The child struggles toward the light, turning this way and that, compressing and bending limbs and even bone to fit. The familiar warmth of amniotic fluid filling the soon-to-be airway is pushed away in his labor toward the light. All this happening in the belly and below as mama pushes and bears down. 

This is initiation, moving in the belly. Together. We. Our mind and our soul. Our experience and our Self. We who are today, and our potential fighting for life and clawing toward breath.

It is as much a taking-away as it is a giving-in-to. The emptying that comes before the filling up, and the aching arms that were pleasantly full of the weight of all that was; now required to grow accustomed to air and possibility.

We can accumulate knowledge, practices and truths that serve us well. Until they don't. We outgrow them. They must move through us, out, onward and away from us to new hearts waiting for them, as others travel toward us, waiting for us to invite them in and choose the initiation that will allow us to understand their language. They arrive in the belly first. A clenching in the gut - of faint but definite recognition. "Oh, there you are," we eventually say. "I was wondering when you would arrive."

Our mind, our ego tricks us into believing that there is security in the known. If we know it, if it feels familiar, if we are used to its weight and heat, it must be truth and true for us, always. But this is false, and holds us back from the growth we are meant for. It stalls the birthing process, stopping it dead in its tracks.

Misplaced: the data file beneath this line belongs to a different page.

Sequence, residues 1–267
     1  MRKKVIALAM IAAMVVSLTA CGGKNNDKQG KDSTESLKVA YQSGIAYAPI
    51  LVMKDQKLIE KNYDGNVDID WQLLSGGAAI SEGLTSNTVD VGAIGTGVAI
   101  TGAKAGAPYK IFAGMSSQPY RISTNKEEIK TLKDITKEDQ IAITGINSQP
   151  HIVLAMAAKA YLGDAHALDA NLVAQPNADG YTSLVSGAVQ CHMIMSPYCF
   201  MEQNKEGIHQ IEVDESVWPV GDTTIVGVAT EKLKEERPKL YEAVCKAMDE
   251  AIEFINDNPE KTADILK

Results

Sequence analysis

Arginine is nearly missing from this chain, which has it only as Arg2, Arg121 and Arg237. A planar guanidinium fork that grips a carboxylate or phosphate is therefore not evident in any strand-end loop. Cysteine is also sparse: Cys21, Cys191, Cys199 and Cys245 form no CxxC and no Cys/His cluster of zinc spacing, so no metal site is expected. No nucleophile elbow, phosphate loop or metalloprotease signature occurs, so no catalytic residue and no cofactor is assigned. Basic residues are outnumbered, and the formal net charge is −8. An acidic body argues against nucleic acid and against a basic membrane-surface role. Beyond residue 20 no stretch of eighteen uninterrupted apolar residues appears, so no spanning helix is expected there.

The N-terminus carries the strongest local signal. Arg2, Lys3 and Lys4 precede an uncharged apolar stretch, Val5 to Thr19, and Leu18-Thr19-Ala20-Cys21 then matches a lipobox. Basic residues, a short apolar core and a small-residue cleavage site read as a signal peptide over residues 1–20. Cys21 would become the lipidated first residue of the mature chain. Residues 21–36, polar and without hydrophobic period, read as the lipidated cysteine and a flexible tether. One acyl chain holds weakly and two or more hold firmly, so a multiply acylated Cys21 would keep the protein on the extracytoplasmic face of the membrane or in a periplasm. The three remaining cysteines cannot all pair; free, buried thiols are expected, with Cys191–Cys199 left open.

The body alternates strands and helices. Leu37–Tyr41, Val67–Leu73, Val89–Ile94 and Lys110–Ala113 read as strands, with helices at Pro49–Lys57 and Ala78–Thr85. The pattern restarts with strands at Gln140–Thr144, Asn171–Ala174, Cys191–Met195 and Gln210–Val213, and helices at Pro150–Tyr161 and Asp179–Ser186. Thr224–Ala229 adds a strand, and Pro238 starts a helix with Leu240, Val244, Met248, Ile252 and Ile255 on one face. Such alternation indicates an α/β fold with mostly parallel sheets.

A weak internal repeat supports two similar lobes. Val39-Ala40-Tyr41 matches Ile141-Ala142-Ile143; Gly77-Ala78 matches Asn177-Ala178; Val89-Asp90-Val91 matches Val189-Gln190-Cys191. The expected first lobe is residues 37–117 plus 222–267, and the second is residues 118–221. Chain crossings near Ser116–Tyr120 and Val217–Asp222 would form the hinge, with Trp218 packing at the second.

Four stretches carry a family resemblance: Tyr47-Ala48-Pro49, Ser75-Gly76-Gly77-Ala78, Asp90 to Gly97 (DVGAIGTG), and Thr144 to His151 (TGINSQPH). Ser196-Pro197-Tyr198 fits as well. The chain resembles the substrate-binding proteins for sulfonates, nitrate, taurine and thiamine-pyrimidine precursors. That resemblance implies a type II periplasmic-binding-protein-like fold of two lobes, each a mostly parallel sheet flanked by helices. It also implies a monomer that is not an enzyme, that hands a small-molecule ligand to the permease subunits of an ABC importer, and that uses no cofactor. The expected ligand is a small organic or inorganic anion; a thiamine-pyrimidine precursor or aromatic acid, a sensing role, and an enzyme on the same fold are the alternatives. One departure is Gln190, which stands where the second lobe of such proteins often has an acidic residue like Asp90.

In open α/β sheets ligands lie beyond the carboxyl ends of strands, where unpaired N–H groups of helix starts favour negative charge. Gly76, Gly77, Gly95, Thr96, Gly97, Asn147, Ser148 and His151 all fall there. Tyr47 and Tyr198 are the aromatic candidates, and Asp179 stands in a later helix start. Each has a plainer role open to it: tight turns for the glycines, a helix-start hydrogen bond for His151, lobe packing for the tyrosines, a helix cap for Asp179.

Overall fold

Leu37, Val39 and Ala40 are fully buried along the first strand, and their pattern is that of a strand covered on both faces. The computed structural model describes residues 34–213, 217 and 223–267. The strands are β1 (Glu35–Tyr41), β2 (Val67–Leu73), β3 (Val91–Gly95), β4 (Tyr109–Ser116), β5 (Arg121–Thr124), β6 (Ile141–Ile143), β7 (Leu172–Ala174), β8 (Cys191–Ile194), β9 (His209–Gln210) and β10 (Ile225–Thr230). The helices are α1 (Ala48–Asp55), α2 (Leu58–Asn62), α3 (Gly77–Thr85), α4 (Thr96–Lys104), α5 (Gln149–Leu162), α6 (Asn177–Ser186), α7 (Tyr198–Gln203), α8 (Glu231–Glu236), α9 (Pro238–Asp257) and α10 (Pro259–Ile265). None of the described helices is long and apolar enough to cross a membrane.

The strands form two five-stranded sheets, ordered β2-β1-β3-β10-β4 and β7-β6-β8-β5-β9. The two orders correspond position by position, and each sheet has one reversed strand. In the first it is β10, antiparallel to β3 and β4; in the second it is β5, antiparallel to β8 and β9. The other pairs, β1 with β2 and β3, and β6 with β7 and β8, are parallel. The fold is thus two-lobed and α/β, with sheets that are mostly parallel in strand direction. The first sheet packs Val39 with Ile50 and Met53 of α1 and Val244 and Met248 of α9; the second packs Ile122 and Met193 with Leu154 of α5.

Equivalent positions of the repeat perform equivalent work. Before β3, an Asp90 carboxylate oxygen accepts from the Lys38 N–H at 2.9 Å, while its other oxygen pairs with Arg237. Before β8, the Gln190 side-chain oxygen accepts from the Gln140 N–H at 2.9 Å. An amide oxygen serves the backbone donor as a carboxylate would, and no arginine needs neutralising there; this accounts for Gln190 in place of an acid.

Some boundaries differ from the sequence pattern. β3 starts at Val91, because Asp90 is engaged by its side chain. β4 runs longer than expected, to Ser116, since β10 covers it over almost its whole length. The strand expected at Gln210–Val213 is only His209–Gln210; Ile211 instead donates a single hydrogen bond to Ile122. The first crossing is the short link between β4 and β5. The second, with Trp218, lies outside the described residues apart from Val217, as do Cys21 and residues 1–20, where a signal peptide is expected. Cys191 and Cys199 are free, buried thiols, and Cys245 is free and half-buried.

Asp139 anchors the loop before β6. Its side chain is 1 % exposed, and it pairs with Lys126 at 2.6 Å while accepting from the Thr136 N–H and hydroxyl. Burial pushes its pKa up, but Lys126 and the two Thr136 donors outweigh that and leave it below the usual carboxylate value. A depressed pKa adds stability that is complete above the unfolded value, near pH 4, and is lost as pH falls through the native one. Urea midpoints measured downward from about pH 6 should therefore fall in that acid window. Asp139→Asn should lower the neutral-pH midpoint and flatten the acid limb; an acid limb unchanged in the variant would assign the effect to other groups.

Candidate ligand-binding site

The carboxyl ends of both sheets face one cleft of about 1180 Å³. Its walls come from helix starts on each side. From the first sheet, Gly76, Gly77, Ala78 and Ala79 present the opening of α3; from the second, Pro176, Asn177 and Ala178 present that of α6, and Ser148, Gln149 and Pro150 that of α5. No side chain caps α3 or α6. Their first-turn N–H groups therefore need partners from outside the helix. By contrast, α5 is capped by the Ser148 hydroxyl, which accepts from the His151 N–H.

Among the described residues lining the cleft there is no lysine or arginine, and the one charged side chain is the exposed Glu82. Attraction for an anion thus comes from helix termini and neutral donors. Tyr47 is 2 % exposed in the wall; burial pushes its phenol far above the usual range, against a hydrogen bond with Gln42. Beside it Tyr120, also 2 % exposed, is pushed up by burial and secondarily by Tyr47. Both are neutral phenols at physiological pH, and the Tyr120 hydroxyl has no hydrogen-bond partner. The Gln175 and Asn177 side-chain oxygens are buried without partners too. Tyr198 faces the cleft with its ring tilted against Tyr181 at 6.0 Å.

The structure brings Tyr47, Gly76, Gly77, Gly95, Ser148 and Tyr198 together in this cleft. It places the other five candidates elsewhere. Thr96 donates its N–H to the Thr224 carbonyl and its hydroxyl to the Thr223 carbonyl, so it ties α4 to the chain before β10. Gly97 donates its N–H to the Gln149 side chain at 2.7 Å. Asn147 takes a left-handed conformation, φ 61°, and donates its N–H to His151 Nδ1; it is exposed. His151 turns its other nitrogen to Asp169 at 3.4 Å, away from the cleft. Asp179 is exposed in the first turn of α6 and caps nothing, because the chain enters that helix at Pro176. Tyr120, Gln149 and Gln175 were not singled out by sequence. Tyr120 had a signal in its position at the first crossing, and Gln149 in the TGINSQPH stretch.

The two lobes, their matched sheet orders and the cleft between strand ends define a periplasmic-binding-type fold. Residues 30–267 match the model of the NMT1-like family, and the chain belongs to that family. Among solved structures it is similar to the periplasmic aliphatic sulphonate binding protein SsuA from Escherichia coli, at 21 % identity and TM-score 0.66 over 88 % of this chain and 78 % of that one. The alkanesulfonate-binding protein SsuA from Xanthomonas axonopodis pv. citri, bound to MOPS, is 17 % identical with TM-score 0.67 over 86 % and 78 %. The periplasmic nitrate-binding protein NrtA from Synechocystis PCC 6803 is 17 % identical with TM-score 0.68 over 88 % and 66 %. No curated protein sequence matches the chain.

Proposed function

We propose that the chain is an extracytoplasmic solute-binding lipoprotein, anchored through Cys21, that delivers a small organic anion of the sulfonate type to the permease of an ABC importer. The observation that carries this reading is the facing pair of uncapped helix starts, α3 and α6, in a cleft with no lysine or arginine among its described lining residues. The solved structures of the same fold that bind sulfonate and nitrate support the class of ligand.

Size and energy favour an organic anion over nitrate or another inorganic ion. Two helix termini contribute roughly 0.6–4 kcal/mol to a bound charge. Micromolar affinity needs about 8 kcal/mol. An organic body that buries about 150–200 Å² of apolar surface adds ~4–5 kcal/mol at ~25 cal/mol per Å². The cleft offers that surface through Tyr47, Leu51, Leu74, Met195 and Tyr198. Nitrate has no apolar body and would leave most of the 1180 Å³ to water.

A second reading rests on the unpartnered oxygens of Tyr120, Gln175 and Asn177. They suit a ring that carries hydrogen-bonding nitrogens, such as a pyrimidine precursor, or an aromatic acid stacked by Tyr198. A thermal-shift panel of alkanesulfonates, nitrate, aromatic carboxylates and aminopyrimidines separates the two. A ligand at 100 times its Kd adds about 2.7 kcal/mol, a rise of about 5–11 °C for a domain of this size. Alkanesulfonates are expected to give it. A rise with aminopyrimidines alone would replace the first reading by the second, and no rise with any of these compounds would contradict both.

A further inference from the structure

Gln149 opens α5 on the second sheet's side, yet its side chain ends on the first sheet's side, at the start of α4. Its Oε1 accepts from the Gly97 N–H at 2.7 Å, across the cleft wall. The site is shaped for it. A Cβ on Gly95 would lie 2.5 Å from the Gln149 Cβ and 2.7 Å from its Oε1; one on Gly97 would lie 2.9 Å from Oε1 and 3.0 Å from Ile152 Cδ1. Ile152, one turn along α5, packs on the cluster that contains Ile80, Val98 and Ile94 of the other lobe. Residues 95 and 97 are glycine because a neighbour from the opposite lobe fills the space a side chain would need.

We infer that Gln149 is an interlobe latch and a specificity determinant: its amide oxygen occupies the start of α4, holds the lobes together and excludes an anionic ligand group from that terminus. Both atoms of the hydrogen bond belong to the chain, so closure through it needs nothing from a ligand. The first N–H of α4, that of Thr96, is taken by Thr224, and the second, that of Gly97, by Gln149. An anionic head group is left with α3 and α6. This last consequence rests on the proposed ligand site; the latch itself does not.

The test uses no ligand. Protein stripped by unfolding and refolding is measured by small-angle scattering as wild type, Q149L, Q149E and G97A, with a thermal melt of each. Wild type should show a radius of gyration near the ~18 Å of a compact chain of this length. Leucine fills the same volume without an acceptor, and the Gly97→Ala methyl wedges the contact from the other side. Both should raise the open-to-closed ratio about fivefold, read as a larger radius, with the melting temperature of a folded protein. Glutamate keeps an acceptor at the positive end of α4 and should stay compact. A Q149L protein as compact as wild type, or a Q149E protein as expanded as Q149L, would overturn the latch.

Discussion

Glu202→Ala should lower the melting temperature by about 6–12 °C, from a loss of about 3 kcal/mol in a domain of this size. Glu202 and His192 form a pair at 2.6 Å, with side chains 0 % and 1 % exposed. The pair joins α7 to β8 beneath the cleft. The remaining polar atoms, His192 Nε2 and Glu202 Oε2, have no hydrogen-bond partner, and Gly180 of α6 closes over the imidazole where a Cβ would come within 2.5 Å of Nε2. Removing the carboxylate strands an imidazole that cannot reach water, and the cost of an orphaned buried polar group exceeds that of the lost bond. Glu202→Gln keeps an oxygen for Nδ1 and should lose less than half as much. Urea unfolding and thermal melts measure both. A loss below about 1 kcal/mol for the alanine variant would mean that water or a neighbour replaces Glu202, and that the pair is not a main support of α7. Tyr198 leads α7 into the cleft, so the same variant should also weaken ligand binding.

Refusing initiation in any form, when it appears to us in the secret moments, the pained silences, the raging grief or quiet loss of a thing, person, or idea - is certain death to our evolution at some point along the way.

There must be movement toward the light, from the belly place of a thing. Where life stirs in secret darkness before it can be born. Preparation looks as much like clearing out and cleaning up as it does adding to. 

This is more than a quaint decluttering. This is cleansing on a life-changing scale. It cuts to the bone.

And it's time. Time to let go of what used to serve us that we are past now. Time to hold ourselves accountable to the deeper truths that have been growing in strength in the belly for the past weeks and months. 

What is familiar, what is known, is not better where abundant life is the alternative. 

To cross that chasm, to leap that imposing divide into an abundant spring requires a brave initiate and the map only you can read. It was written for no one else.


  1. Gorgeous and evocative writing. Thank you.

  2. Amazing words. I needed to read this, right this very moment. Thank you.
    Btw, I believe I went to high school with Jen Oatey-do you have a website/ contact info for her?

  3. I cannot relay the number of times I have read, reread, copied, and recopied this into my journal. Thank you for sharing this and for your blog. As Sue Monk Kidd describes in her book Dissident Daughter, this is powerful whale breaching! Happy babymoon to you. Blessings-